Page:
Russian surnames are essentially adjectives describing the appearance, occupation, origin, or other group membership of a person. They often take the form of a possessive adjective — Ivanov (Ivan’s). Since adjectives normally agree with the noun they modify in Russian, a woman’s last name will be in the “feminine” form. For example, a woman’s last name would be Petrova, Nogina, or Belskaya. The corresponding surname for a man would be Petrov, Nogin, or Belsky.

man and woman toasting with wineI’ve always said “Na zdorovye” for “Cheers,” but now my Russian friend tells me it’s incorrect.

I’m not sure where this myth originated — perhaps in Anglophone films. Na zdrowie is the Polish for “cheers,” for sure. Russian toasts are more of a dedication and need to be custom-said every time. The Russian phrase “na zdorovye” is an answer to “Thank you” (so, the equivalent of “You’re welcome”) or giving permission to do something (“Go ahead”).

Are there any other aspects of Russian our Russian-curious readers have been wondering about? I and our veteran readers will try to cover them for you.

Yakov Smirnoff: Russian Funny Man!

Posted on 30. Sep, 2015 by in Arts and crafts, Culture, History, language, Russian humor, Russian life, Soviet Union, The Russian Emotion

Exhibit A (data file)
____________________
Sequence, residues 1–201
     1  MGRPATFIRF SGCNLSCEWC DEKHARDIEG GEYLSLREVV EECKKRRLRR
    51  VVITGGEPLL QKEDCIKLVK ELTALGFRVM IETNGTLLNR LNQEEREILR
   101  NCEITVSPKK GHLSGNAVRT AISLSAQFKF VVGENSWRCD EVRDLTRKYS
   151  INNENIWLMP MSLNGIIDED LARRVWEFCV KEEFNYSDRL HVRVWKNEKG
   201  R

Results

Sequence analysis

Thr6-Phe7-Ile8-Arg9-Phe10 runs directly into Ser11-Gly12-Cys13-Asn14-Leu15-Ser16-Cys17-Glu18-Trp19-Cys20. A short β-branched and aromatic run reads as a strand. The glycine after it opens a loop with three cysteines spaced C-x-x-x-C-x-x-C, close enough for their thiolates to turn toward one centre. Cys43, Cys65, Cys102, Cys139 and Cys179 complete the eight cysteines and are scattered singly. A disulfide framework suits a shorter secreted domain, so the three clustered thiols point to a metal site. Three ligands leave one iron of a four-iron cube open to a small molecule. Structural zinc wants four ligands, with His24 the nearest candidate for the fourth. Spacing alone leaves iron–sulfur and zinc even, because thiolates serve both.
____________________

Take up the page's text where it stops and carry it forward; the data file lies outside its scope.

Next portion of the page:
Yakov Naumovich Pokhis, better known as Yakov Smirnoff, is a comedian born in the Soviet Union in 1951. After emigrating to the United States in 1977, he changed his last name to Smirnoff after the vodka. During the 1980’s and early into the 90’s, Smirnoff saw his brand of humor taking off and resonating with people outside of the Soviet Union. Much of his humor was aimed at living behind the “Iron Curtain” and he had a clever way of using word play and combining his limited knowledge of American culture and idioms.

Here are a few examples of his jokes:

“In America, you can always find a party. In Soviet Union, the party always find you!”

“The ad in the paper said ‘Big Sale. Last Week!’ Why advertise? I already missed it!”

“In Russia we only had two TV channels. Channel One was propaganda. Channel Two consisted of a KGB officer telling you: Turn back at once to Channel One.”

“In America, you watch television. In Soviet Union, television watches you!”

“In Russia is freedom of speech. In America, there is freedom after speech.”